self-improvement and beauty are often places where athlete's foot fungi
 thrive.  The fungus that causes athlete's foot tends to live in warm, moist
 environments, and thrives not only in socks and shoes but also in the
 foot-soaking baths at nail salons, around swimming pools, on gym floors, in
 showers, and even in women's homes, where their spouses or teenage children
 may spread the fungus.
     "When I tell women that they have moccasin-type athlete's foot -- and I
 see cases every day -- their immediate reaction is 'athlete's foot?  But I
 take such good care of my feet!'  Inevitably, their next question is 'where
 could I possibly have picked that up?'" says Dr. Siegal.  "Many patients have
 devised elaborate rituals, from moisturizing, exfoliating, and massaging, to
 foot soaks, reflexology and weekly pedicures to treat their symptoms when in
 fact they need an antifungal medication such as LamisilAT Cream to treat the
     According to a Harris Interactive Survey, 26 percent of the women who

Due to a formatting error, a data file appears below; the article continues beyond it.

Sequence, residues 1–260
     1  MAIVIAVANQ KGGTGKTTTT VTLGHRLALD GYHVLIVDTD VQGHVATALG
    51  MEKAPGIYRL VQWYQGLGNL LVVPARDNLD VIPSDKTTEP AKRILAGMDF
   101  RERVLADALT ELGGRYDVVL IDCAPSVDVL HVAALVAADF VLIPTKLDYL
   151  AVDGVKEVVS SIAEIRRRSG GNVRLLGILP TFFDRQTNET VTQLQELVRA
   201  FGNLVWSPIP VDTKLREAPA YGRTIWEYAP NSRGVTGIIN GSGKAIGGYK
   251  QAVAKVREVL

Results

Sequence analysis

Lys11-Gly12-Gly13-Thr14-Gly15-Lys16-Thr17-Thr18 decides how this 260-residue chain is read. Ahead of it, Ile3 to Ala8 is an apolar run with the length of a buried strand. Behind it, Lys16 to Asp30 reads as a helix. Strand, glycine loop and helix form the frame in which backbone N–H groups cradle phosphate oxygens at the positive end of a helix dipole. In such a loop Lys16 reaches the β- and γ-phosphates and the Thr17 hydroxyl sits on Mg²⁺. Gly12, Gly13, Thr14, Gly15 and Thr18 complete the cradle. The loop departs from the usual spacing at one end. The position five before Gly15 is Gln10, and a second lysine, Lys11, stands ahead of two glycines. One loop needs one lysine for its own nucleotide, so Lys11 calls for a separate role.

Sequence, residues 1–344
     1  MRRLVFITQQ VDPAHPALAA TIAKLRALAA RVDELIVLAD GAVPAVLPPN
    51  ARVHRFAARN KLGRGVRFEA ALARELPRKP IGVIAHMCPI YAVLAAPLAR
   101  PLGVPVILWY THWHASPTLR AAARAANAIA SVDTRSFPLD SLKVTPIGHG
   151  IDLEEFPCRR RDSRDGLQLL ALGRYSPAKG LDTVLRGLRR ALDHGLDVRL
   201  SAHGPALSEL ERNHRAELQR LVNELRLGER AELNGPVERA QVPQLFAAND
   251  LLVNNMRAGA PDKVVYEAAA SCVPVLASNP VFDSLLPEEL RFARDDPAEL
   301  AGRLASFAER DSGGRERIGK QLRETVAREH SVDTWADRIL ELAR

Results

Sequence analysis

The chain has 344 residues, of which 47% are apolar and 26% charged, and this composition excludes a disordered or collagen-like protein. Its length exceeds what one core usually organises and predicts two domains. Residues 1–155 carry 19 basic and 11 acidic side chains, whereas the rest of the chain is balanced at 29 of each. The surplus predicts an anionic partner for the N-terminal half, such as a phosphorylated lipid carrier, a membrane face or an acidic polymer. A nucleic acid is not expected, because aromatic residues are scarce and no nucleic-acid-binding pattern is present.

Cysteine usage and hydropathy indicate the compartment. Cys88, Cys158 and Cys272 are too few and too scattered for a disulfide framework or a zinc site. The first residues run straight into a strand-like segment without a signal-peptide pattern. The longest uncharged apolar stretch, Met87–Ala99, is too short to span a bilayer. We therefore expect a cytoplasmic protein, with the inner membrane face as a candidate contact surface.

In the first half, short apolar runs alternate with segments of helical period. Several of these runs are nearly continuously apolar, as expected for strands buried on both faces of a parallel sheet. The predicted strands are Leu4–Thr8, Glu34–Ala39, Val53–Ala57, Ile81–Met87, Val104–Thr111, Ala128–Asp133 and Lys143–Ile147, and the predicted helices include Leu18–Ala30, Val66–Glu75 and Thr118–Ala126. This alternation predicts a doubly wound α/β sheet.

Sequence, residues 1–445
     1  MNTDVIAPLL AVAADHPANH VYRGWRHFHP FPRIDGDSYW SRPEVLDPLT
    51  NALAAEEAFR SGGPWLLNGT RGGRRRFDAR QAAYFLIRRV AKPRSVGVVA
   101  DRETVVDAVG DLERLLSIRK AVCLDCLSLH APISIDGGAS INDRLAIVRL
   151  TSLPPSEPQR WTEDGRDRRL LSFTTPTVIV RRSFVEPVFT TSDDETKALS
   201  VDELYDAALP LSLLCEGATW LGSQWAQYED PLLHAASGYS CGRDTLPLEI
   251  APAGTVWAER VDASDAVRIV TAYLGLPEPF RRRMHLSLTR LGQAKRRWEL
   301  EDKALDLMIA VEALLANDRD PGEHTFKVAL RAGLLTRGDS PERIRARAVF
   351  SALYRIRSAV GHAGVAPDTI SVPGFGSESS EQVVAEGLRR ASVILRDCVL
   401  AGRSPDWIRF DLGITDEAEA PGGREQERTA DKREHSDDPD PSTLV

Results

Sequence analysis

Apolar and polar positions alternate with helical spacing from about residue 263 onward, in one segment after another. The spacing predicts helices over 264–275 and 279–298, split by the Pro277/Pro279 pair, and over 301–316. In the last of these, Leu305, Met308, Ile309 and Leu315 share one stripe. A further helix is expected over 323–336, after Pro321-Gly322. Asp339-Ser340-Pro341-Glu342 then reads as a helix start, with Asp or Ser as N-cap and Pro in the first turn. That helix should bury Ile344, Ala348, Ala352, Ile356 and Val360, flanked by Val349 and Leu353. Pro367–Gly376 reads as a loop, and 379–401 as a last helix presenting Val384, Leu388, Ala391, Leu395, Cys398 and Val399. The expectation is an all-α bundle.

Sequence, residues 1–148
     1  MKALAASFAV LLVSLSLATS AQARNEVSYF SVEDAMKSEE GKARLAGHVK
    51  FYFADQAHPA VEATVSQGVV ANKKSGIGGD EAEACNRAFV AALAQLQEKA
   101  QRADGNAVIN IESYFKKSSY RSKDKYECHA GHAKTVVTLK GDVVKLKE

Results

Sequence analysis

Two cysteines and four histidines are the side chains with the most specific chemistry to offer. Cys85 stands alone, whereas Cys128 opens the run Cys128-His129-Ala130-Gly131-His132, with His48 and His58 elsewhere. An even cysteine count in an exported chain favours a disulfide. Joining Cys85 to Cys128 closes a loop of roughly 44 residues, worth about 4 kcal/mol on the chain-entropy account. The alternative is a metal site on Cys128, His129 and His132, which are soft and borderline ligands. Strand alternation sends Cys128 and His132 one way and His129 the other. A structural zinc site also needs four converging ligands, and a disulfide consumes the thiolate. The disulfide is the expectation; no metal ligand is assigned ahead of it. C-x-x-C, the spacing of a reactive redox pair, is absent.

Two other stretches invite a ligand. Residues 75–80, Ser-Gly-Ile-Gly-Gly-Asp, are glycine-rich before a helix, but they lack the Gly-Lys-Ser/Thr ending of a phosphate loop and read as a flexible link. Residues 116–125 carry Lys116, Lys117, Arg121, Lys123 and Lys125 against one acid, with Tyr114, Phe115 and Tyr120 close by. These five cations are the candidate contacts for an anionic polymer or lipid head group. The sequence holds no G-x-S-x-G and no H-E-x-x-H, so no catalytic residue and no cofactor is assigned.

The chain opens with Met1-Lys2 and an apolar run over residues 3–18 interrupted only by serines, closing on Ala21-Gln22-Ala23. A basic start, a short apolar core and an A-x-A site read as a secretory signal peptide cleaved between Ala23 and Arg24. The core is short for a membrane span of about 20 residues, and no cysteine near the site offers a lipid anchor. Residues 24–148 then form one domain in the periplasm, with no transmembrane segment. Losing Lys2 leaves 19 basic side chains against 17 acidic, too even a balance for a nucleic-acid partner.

suffer from persistent dry, cracked or scaly skin on the bottoms and/or sides
 of their feet indicated that these symptoms of moccasin-type athlete's foot
 made them less confident.  And 15 percent reported that it makes them fearful
 of intimacy.
     "Women want to feel feminine and attractive from head to toe," says Sam
 Saboura. "My goal is to let women across the country know that there is a
 simple way to restore their feet to their natural beauty."
     LamisilAT Cream - Treatment Revisited
     Consumer research conducted by LamisilAT revealed the need to increase
 awareness of moccasin-type athlete's foot and the negative impact it could
 have on women, especially if left untreated.
     "While we knew that athlete's foot is as bothersome for women as men, our
 research highlighted the extent that women suffer psychologically from the
 condition.  It also became clear that many women might be suffering
 unnecessarily when they could be cured with an over-the-counter treatment